I mean, what did I really know for certain? I knew my contact seemed friendly. I knew that he was intelligent and methodical. I also knew that he’d expressed concern that I’d be angry over the revelation; angry that I’d been lied to. I wasn’t angry though. Not at all. As someone who specializes in marketing and communications, I felt like I’d just been looped into the biggest PR stunt of my career.
It was around this time that I decided my contact needed a nickname. “Antifa” definitely no longer fit. “Anonymous” was disconcertingly impersonal. “My contact” sounded like something Horatio Caine would say. While he’d dubbed himself “Strollmaster,” something else struck a chord with me. I decided to call him “Sam.”
After all, he and his team of Anonymous cohorts were coordinating to protect the Sam Houston statue, and all other historical monuments in Texas. Just as the original Sam Houston had gone against the grain and sacrificed his career as Texas governor for a then-taboo ideal, my contact was fighting to preserve what many foolishly consider taboo in a manner that defies societal norms and denies him any personal credit. Both Sams are mavericks. Both are unconventional. But history will continue to remember Sam Houston, in part due to the efforts of someone it will likely never recognize. At least, not for this achievement.
I want to take a few paragraphs to impress upon you the genius of what was unfolding. Sam – and maybe his friends too, but mostly Sam – had come up with the mother of all PR stunts. In order to rally Texans against Antifa and raise awareness for House Bill 1359 (which most “normies” were ignorant of) Sam decided to put a fire under the complacent posteriors of Texan voters.
He set up a hoax Antifa Facebook page, and regularly populated it with posts and photos that looked legitimately like Antifa. Because it was Antifa. He talked up their protests. He praised their riots. He shared photos of them dressed all in black like ISIS. Those posts alone drew the ire of conservatives and liberals alike. But then, when Sam announced his Antifa Protest to tear down the Sam Houston Monument, just as Take ‘Em Down NOLA had done in Louisiana, panic ensued.
Then the Right did exactly what Sam knew the Right would do. They organized a mind-blowing counter-protest, guns toted, flags unfurled. Remember, Sam never invited anyone to his party. He never paid for any ads, secured event licenses from the city, or reserved security or ambulances. Sam pulled a few social media strings and the entire state of Texas danced. Over 5,000 people from Houston, San Antonio, Austin, Dallas, and beyond RSVPed on the counter-protest’s Facebook event page. An astounding 15,655 people were invited. Still more posted their support, prayed, donated money, and called Texas legislators daily by the hundreds demanding that HB 1359 pass into law.
Media outlets (including myself) were fooled into covering the faux-Antifa event as if it were a real thing. Even Houston’s own Democrat Mayor, Sylvester Turner came out publicly to announce that removal of the Sam Houston monument was, “Not even on my agenda.”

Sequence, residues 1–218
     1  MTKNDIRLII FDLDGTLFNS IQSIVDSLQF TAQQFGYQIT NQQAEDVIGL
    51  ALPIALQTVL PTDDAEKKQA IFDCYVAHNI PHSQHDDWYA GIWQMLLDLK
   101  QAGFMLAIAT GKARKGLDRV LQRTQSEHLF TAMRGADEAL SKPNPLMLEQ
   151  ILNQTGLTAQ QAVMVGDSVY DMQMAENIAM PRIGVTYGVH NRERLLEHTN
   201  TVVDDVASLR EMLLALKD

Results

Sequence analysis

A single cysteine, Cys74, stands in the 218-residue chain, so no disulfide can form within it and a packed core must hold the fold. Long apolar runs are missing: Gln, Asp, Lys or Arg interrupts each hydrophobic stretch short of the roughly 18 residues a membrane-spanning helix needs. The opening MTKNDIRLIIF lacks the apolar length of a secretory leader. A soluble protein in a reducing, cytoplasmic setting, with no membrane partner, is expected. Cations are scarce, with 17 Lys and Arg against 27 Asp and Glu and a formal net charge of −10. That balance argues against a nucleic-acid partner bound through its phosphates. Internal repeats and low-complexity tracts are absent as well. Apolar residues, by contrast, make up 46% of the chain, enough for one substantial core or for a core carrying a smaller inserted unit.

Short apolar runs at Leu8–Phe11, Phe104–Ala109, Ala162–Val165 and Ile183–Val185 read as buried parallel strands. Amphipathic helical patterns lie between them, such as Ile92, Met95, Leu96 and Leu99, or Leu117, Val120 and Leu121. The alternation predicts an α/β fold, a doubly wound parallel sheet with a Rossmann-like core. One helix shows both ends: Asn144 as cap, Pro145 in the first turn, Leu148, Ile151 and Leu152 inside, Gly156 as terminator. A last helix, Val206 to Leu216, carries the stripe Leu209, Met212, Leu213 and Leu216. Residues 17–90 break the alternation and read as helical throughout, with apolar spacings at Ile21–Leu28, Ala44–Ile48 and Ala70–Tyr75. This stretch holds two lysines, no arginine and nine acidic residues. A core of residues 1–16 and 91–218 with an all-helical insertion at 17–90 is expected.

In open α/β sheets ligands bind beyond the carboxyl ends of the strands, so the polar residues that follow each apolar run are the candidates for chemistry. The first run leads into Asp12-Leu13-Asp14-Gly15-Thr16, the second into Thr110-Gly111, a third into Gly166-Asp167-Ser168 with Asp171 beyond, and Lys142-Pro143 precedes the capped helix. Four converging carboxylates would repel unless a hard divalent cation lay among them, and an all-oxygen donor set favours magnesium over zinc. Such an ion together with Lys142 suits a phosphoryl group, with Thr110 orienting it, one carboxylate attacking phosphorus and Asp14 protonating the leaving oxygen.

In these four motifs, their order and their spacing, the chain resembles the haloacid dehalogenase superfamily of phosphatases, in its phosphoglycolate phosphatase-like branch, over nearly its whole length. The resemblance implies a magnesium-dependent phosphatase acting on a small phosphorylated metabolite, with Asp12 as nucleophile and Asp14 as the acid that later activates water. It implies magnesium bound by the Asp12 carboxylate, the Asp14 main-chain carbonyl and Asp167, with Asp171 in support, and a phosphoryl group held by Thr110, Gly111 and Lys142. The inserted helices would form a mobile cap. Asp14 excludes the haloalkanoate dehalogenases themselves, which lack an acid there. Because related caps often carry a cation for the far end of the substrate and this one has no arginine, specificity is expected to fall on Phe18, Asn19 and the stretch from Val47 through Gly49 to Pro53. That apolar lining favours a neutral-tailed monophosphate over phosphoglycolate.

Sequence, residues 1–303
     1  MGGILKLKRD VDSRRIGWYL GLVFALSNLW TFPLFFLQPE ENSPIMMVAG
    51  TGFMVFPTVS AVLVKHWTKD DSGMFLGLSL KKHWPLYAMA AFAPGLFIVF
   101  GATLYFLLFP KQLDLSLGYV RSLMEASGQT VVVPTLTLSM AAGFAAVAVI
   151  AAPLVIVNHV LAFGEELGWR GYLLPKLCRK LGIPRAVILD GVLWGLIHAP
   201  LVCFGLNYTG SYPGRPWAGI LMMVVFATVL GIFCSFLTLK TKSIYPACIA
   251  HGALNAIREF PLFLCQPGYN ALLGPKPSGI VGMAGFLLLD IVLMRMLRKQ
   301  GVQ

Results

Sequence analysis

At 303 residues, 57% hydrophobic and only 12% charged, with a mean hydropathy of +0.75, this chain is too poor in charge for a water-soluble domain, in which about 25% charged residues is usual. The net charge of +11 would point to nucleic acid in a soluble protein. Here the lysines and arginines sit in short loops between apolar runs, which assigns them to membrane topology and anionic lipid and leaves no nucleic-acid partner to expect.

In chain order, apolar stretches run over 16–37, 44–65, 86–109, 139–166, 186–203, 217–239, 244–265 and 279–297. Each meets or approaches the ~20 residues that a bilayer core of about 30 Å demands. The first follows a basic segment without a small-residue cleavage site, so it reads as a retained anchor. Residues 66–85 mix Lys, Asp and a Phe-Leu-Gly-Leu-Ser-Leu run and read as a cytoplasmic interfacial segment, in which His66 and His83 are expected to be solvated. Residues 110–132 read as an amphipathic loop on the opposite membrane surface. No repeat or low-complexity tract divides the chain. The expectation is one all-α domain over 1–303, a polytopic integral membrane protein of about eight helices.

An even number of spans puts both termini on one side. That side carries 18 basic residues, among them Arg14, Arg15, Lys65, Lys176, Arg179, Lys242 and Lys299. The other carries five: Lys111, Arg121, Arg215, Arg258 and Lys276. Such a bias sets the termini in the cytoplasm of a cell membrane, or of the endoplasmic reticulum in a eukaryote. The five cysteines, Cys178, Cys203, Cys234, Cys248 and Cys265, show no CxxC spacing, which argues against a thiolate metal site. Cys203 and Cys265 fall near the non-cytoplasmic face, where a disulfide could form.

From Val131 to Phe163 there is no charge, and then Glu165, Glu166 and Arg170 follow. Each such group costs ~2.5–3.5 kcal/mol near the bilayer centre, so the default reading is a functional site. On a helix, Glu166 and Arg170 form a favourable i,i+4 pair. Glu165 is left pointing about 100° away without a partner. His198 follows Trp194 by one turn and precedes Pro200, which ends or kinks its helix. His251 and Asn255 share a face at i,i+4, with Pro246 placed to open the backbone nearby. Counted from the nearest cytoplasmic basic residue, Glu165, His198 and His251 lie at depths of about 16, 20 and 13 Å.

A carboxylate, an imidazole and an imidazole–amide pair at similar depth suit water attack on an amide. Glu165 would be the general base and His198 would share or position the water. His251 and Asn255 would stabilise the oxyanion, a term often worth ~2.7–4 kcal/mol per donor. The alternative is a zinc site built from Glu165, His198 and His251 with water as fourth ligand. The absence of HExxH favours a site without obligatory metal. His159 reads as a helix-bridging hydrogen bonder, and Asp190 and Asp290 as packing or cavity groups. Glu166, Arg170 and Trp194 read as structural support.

I have sat around many boardroom tables at marketing firms and PR agencies. Never have I heard a more clever ploy. This hoax – it was brilliance.
Sam had known all along that even the Left, save for a small group of fringe extremists, would stand with the Right and oppose removal of the statue. That’s why he picked that particular statue on that particular day. He knew it would never be in real danger.
Oh. And if you’re wondering why The Pink Armadillo logo is in Anonymous’ reveal video, it’s because Sam is ever the considerate gentleman. He and his team didn’t want MSM embedding the video and failing to cite me or give me any credit. They put my brand at the beginning and the end, so that no one could avoid mentioning the freelance mom-journalist who broke their story in the first place.
Nevertheless, despite everything I knew up to this point, I was still largely in the dark. Whether I was talking to Anonymous, or Antifa pretending to be Anonymous pretending to be Antifa (let that sink in), or some bored Alt-Right heckler as the Houston Press claimed, I was talking to a faceless, nameless person who I knew next to nothing about.
I spent all day Thursday interviewing Sam. He answered all my questions in detail, and discussed Antifa, politics, and Texas legislature with familiarity and candor. He never seemed threatening, but I can’t deny I was afraid to step outside of his instructions. He is, after all, Anonymous. I was asked to keep what I knew about their planned hoax secret, and not publish my interview until 5:00 PM on June 10th, after the event was over. I agreed, but I wanted to make sure I presented a well rounded story.
So, on Friday, I decided to interview the counter-protesters, This Is Texas. Once again I reached out to them through Facebook, and within maybe an hour was talking to Brandon Burkhart, one of the lead coordinators, on the phone.
I decided not to tell Brandon about Anonymous for several reasons. First, I was determined to honor the trust of Anonymous. Even more importantly though, the counter-protest was taking place in less than 24 hours. For all I knew, Antifa, BLM, Black Panthers, and an assortment of other riffraff were fully intending to show up (and I now know that they did, but were escorted off by HPD).